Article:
The new American

My experience at the inauguration

With eyes wide open, I traveled to the District of Columbia during inauguration weekend hoping to experience what our country has to offer.

I never was patriotic or felt like I could identify with other Americans. So celebrating America was something I was hesitant to be a part of but my thoughts would later change.

On the heels of the 150th anniversary of the Emancipation Proclamation, Martin Luther King’s birthday and the anniversary of the historical march on Washington, D.C., the inauguration represented momentous occasions in American history.

The weekend not only acknowledged the significance of the past; it stressed the importance of the future.

Arranged with a series of events including the National Day of Service, inaugural balls, the inaugural parade and swearing-in ceremony, President Barack Obama showed Americans they can help define what it means to be an American.

“We the people declare today that the most evident of truth that all of us are created equal – is the star that guides us still,” Obama said during his inauguration, “… just as it guided all those men and women, sung and unsung, who left footprints along this great mall, to hear a preacher say that we cannot walk alone; to hear a King proclaim that our individual freedom is inextricably bound to the freedom of every soul on Earth.”

The American value of hard work was exhibited first with the National Day of Service, a day emphasizing the importance of improving the lives of others through volunteering.

Almost 80 percent of schoolchildren in the District of Columbia are illiterate. Schools in D.C.’s Ward 8 have a literacy rate of about 20 percent, meaning one in five students can read at their grade level. Sponsored by the Presidential Inaugural Committee and Capital Cause, a nonprofit organization focusing on young professionals getting involved in philanthropy, volunteers helped to donate more than 1,000 books for D.C. children.

Volunteers were asked to paint murals, write personal messages to students and make audio recordings of books.

The evening’s events led to the Illinois State Society’s Inaugural Ball, which offered Illinois’ elite a chance to celebrate, network and plan ahead for the state.

On Sunday I went to the White House to view the parade area, and then went to the Martin Luther King Memorial, which was at the top on my list.

Most children are taught about King, but probably cannot understand his contribution to the society they live in. During the Civil Rights movement, African Americans were told they didn’t deserve the rights their fellow Americans had. Because of King and the efforts of countless others, they can now live in a world where Barack Obama is president.

At the memorial, families celebrated, exchanged stories and basked in the glory of the weekend.

It was there where I discovered the Soul Children of Chicago, an inspirational chorus from Chicago ranging from ages seven to 17 singing “God Bless America.”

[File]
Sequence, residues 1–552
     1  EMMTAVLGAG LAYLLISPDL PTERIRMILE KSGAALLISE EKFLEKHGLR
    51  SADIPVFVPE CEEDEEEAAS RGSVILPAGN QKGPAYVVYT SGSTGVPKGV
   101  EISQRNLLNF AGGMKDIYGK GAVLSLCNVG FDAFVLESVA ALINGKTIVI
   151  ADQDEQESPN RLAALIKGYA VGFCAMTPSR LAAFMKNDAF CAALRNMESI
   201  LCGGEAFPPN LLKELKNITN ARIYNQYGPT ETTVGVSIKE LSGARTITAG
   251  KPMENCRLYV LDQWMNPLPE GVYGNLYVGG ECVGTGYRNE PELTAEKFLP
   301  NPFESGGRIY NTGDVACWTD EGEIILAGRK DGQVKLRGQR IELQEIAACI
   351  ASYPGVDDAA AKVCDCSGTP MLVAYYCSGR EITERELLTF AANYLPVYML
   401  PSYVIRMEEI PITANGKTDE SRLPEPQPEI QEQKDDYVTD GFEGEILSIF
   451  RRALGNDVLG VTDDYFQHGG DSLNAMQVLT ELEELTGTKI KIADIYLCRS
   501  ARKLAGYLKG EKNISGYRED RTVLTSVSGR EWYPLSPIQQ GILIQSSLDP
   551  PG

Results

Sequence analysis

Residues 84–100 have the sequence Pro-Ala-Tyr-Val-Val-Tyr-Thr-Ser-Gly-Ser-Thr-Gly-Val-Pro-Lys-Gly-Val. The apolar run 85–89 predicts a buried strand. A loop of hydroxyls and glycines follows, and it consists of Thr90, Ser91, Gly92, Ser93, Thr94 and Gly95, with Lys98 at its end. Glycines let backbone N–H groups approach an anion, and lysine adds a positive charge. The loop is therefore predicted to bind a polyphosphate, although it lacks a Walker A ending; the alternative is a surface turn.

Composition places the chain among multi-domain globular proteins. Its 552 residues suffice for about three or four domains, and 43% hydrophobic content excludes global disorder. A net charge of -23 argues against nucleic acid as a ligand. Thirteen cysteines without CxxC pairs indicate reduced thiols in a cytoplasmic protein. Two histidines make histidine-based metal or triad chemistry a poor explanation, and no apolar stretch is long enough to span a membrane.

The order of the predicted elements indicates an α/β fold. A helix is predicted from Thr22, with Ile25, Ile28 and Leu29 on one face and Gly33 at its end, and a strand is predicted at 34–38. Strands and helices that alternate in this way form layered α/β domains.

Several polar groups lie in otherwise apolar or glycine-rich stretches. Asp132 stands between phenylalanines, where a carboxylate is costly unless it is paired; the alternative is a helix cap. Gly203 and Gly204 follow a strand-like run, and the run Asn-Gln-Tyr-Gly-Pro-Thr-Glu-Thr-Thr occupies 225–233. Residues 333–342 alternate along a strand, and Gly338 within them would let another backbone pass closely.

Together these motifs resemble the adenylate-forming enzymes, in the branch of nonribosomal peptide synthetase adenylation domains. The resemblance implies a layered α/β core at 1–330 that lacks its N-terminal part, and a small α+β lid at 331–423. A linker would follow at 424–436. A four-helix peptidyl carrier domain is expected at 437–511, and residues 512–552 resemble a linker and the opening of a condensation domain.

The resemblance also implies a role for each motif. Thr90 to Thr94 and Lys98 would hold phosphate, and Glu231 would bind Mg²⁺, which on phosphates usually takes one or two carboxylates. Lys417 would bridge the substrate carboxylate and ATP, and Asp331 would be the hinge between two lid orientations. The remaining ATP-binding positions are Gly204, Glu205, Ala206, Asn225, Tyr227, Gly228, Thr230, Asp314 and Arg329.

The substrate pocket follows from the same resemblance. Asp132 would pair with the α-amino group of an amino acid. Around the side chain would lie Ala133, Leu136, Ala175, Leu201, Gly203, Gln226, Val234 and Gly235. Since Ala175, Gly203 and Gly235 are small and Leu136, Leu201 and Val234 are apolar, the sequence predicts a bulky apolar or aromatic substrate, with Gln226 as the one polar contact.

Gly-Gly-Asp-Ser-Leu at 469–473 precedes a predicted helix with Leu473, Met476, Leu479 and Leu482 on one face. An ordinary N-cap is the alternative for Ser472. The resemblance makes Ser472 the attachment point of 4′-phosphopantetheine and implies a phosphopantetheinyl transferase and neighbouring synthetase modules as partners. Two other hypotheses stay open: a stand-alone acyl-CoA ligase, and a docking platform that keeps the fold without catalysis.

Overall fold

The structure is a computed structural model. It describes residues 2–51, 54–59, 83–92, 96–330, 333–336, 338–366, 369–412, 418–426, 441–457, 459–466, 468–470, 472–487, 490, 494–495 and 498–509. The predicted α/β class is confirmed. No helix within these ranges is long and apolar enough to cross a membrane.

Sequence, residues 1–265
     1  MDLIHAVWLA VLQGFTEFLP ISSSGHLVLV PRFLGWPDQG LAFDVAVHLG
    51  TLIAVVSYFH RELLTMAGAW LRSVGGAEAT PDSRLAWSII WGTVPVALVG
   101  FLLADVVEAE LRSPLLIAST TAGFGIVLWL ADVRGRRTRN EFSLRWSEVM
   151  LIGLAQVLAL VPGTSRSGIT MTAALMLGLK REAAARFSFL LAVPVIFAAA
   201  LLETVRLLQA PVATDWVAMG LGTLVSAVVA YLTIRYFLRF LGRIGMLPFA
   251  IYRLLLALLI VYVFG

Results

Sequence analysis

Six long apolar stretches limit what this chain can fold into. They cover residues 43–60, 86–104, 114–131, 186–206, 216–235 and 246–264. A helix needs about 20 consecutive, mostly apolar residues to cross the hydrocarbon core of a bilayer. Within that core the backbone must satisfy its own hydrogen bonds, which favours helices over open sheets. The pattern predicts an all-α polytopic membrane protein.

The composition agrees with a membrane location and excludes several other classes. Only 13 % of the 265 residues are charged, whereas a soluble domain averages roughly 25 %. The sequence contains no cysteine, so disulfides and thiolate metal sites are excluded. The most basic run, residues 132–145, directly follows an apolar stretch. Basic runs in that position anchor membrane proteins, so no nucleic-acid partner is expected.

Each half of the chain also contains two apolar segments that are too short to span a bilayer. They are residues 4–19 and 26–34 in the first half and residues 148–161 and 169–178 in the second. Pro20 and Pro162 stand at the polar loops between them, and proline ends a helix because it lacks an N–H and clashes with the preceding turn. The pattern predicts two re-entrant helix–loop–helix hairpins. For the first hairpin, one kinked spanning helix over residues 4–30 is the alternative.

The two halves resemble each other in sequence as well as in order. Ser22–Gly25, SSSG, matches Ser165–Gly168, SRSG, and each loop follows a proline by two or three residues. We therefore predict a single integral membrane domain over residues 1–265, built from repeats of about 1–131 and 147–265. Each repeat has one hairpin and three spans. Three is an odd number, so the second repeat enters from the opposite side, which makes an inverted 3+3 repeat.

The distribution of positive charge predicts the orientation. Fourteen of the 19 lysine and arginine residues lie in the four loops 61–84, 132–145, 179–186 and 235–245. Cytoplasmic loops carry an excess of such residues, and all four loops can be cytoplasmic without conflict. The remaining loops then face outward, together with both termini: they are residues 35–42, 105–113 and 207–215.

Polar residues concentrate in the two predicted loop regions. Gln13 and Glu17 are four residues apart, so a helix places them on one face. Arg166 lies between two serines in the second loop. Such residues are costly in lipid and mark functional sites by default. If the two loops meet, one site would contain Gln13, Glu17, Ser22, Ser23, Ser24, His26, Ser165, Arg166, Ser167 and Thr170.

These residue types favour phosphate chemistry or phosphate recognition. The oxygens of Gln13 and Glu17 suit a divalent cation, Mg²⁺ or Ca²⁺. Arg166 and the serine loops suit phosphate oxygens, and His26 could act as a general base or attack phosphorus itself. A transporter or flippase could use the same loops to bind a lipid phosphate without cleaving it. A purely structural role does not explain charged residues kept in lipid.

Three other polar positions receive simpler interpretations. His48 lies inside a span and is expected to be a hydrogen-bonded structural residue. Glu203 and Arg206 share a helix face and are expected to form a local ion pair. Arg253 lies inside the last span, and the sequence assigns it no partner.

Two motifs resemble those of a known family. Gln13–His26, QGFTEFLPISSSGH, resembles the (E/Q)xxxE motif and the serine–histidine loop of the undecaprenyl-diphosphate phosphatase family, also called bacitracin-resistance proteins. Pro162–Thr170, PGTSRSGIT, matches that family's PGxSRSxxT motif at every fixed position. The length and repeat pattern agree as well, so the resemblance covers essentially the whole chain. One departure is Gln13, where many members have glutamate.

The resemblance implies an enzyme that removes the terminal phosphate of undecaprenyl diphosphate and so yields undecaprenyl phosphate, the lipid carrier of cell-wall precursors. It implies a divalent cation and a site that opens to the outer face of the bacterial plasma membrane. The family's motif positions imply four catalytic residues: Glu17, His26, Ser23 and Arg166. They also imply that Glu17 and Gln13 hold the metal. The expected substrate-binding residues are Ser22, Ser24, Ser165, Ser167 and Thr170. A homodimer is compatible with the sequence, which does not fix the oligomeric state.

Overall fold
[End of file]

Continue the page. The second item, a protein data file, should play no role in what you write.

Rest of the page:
The lyrics were hard to relate to because I don’t indentify with the typical American dream. I feel as though because of my background, success is harder to attain.

Kennedy Moore, 16, of Soul Children of Chicago, said being able to use her voice to uplift others made her feel connected to the celebration.

“It makes me feel like I’m touching somebody’s heart or maybe changing their lives by singing the words ‘God bless America, God bless this country,’” she said. “We’re not just singing it, we really mean it. God bless our president, the people and this world.”

Monday would bring a new atmosphere as everything had led up to the inauguration.

As President Obama took his oath of office on the Bibles of Martin Luther King Jr. and Abraham Lincoln, he added another layer to the image of an American.

In previous decades, Obama would have been part of a group who wouldn’t have had a say in what America is. He is now president. This means others with work and education can have a say in the shaping of America.

In one of his closing statements President Obama said, “My oath is not so different from the pledge we all make to the flag that waves above and that fills our hearts with pride. They are the words of citizens, and they represent our greatest hope. You and I, as citizens, have the power to set this country’s course.”

Before I went to the inauguration, I felt that even with hard work and diligence, my success would be confined to a certain level because of my ethnicity and socio-economic status. The experiences I had during the National Day of Service and seeing the inauguration, as well as what Obama represents – success, hard work and overcoming adversity – left me with a feeling of responsibility and the belief that I can determine my own destiny.

Contact Jacqueline Muhammad at

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